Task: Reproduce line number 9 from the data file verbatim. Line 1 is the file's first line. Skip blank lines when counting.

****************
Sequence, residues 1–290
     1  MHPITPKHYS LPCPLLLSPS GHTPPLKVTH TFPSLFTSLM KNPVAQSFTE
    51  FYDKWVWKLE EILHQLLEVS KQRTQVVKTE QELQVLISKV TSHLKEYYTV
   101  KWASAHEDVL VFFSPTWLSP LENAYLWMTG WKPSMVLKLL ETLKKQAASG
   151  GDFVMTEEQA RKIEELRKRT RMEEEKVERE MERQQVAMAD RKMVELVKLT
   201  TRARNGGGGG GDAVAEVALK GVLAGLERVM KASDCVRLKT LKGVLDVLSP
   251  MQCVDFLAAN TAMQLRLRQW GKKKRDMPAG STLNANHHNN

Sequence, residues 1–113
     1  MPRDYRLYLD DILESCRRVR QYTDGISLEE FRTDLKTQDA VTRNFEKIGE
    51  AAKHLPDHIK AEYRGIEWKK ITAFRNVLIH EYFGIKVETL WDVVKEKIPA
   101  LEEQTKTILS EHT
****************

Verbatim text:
     1  MPRDYRLYLD DILESCRRVR QYTDGISLEE FRTDLKTQDA VTRNFEKIGE